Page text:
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The entomology of a story

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Q&A | 4 minute read
'I think there is a Dr Mann in every one of us, whether we would like to admit it or not' - Yikai Zhang on villains, heroes and a very special beetle

Where do you write?

In bed surrounded by cushions. That’s where the best ideas happen.

What’s the last really good book you read? And the best film or theatre production?

I must admit that I watch way more movies than I read books, but when I do read it tends to be travel memoirs or factual books about natural history. The best one I’ve read recently is The Malay Archipelago by Alfred Russel Wallace, who was Darwin’s contemporary and independently ‘discovered’ the theory of evolution.

The best film I’ve ever seen is The Prestige, a dark tale about the rivalry between two Victorian magicians, although I could say the same with all the other Christopher Nolan films. Batman Begins and Interstellar are definitely also up there as some of the best movies of all time. They are truly phenomenal works of art and have provided endless inspiration for my writing.

What book marked you as a child or teenager?

When I was a child, I read the Jules Verne classics Voyages extraordinaires religiously. My favourite one was The Mysterious Island, a tale of survival on a harsh desert island that embodied the romantic ideas of discovery in the Victorian era. I also loved Twenty Thousand Leagues Under the Sea and Around the World in Eighty Days, but I did not know that they were science fiction at the time. Jules Verne seemed to be able to predict future technologies way ahead of his time!

What book inspired you to become a writer?

The Sherlock Holmes stories for sure. They have permeated all aspects of my work and creativity. If I had to pick one it would be The Hound of the Baskervilles, but The Sign of Four and The Valley of Fear are also incredibly inspirational in terms of imagery. I remember I used to imitate them and write my own detective stories at school, but they were so bad and cringeworthy that I’m glad they’re nowhere to be found. . .

Pen and paper or laptop?

Definitely laptop. I prefer pen and paper for brainstorming but when it comes down to polished writing, it really helps to be able to move sections of sentences around and see how everything fits together.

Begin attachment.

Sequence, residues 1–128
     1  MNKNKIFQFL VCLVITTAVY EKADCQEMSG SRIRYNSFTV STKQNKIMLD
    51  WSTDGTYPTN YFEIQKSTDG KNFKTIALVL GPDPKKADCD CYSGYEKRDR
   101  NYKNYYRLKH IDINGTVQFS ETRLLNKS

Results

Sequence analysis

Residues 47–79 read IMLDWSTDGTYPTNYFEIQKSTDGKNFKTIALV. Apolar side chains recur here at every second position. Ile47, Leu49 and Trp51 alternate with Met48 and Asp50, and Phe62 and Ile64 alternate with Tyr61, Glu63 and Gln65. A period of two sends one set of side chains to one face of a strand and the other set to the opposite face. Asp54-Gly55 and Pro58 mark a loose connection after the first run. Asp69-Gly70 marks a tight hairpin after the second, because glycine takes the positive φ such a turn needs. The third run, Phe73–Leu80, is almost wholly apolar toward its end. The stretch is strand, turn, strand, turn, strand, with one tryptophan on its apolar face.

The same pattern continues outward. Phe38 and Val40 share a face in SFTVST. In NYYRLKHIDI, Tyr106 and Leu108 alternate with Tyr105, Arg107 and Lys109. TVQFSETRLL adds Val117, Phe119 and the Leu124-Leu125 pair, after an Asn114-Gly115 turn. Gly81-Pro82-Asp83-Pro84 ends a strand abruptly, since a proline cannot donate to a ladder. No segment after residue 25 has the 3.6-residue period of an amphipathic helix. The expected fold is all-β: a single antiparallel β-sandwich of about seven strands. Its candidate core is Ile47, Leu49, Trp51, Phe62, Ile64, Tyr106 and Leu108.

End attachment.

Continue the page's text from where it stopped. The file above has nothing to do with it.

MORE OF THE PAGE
Do you re-read books or is life too short?

In general, my taste for books is quite narrow. As a result, I have a small library of books that I actually open, and generally I don’t read books multiple times unless they’re by an author I love, like Jules Verne or Arthur Conan Doyle.

Who is the best fictional hero and villain?

The best fictional hero has to be Sherlock Holmes. He is the ultimate combination of a vigilante, a magician and a mad scientist, somebody who is utterly absorbed in the perfection of his craft and detached from the distractions of the world around him. There is a reason why so many people believe he was a historical figure, because he just feels so ‘real’.

The best villain I have seen portrayed in film is Dr Mann from Interstellar. He started out as the bravest of the brave, but in the end succumbed to his own cowardice and sabotaged the lives of others in order to save himself. I think there is a Dr Mann in every one of us, whether we would like to admit it or not, and that’s what makes him so terrifying.

When did you last visit your local library?

About five years ago when preparing for my A Levels. I am a quiet person but I find libraries a bit suffocating!

What classic have you lied about reading?

The Lord of the Rings. I love the Jackson movie adaptations but I must admit I skimmed over most of the books. . . they were simply too long!

Finally, what’s the elevator pitch for your new book?

Jungle Gems is a semi-fictionalised account of an adventure in the mountains of Hainan, where I searched of a new species of beetle which only lives on the highest peaks. During my treks I become ever more dispirited by my setbacks and aware of a mysterious presence. In spite of all this I pushed ever further towards the summit, where I made a shocking discovery about my mission. It is essentially a story about the pursuit of success based on my personal experiences, but disguised in the form of a nature book.

Jungle Gems by Yikai Zhang is published by Unbound